¶4 Issue Presented: This case was specially set. No pretrial order was filed, however, the parties were in agreement as to the issues and both filed trial briefs. The issue presented is whether the State Fund is entitled to suspend benefits on account of claimant's alleged failure to cooperate in her own medical care.
¶5 Having considered the testimony presented at trial, the demeanor and credibility of the witnesses, the exhibits, and the arguments of the parties, the Court entered an oral bench ruling at the conclusion of trial. A transcript of that ruling is attached as an addendum to this decision. The following, written findings of fact, conclusions of law incorporate and expand upon the bench ruling and constitute the Court's final findings of fact, conclusions of law and judgment.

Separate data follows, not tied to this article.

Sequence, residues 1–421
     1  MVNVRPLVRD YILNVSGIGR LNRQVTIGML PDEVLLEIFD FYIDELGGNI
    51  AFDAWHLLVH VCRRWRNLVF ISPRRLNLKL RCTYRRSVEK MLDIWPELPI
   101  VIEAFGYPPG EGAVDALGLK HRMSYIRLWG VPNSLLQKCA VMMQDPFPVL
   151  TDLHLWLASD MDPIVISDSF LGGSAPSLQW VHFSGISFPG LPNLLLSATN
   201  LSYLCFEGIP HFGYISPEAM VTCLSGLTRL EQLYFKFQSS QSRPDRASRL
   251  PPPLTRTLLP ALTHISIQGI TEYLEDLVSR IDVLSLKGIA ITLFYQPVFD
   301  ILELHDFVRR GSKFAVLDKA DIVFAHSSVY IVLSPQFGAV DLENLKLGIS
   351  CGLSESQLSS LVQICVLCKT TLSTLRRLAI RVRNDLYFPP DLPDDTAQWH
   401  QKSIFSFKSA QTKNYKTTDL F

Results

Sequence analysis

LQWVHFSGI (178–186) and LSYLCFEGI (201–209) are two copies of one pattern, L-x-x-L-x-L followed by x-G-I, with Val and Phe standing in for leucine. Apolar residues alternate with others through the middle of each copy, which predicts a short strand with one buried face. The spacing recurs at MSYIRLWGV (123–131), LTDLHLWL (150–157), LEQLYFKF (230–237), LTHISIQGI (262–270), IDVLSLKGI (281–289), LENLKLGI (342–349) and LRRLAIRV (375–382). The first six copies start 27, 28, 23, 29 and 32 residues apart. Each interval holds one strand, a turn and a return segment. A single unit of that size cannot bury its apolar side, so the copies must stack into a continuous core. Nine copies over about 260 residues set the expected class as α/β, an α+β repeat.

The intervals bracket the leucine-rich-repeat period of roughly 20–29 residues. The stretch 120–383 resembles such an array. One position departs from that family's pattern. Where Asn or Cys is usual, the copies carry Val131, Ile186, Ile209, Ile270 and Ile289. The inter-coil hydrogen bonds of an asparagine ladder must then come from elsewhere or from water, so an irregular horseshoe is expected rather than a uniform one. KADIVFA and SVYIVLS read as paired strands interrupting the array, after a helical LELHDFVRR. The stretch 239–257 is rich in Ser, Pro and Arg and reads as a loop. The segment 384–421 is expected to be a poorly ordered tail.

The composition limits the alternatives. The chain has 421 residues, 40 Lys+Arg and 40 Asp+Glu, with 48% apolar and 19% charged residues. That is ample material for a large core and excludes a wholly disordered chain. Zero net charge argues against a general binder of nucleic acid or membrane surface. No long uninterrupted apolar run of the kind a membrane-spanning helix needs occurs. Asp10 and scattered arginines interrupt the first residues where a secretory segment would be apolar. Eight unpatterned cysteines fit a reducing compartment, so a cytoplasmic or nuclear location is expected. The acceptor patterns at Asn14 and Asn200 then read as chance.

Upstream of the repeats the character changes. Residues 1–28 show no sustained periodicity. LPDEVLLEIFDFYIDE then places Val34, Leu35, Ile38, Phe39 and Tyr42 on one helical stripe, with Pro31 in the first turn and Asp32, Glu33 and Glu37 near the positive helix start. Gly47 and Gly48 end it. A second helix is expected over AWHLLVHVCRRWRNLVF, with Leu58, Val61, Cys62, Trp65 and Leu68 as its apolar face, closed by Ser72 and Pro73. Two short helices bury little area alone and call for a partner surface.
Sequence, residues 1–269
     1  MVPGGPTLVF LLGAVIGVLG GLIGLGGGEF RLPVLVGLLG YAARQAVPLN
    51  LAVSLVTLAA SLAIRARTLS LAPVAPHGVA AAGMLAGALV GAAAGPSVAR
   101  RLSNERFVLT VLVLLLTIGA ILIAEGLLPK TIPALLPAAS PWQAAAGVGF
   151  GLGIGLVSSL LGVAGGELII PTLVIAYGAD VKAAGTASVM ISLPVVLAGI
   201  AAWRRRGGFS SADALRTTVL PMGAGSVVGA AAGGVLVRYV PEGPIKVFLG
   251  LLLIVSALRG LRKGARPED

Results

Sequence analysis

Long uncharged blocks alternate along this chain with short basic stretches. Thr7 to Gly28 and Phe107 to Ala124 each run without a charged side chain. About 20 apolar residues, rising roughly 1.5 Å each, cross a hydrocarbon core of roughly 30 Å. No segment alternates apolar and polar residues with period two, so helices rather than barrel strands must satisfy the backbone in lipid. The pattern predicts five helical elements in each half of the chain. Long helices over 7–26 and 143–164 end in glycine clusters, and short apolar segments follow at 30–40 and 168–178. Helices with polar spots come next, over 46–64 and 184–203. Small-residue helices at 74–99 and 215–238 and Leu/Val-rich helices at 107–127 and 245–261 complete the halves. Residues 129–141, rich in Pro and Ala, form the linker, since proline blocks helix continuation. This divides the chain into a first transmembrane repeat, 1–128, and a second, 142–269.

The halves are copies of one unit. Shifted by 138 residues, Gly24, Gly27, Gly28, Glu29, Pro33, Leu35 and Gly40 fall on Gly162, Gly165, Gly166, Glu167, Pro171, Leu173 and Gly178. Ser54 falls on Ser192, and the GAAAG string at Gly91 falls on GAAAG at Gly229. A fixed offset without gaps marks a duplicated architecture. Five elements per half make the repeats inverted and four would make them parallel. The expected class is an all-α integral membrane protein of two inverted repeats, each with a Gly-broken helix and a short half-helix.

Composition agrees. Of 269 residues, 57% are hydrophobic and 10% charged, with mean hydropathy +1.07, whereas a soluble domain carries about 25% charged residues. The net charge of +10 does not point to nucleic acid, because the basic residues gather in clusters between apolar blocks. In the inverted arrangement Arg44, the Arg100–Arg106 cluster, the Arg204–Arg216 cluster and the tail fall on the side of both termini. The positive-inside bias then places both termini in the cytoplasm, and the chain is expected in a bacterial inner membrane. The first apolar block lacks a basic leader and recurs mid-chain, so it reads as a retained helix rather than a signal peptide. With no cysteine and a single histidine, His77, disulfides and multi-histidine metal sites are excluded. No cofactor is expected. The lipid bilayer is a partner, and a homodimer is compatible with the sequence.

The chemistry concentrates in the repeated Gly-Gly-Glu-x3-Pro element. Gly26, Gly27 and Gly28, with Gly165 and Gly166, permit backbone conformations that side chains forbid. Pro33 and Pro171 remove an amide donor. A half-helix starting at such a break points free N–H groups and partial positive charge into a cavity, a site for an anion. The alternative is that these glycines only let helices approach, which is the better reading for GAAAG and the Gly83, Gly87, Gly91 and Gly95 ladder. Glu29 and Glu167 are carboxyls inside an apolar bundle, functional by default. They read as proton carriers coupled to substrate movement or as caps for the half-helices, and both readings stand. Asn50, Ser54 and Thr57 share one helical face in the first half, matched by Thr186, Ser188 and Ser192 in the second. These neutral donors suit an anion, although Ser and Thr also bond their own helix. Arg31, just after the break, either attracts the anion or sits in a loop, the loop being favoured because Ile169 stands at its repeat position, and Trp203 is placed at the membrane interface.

¶6 Claimant has resided in Miles City, Montana all of her life. Her family and friends are in Miles City and she wishes to remain there. I begin this decision with this statement because it is a primary reason claimant has refused recommendations that she be cared for in Billings, Montana. Moreover, the claimant's connection to Miles City has provided her recent motivation to co-operate in her medical care.
¶7 The claimant was injured at work on August 28, 1995, getting into and out of her employer's van while working. (Exs. 1 and 34.)
¶8 At the time of the injury, the claimant's employer was insured by the State Fund. The State Fund accepted liability for her injury and has paid medical and compensation benefits. It continues paying medical and compensation benefits.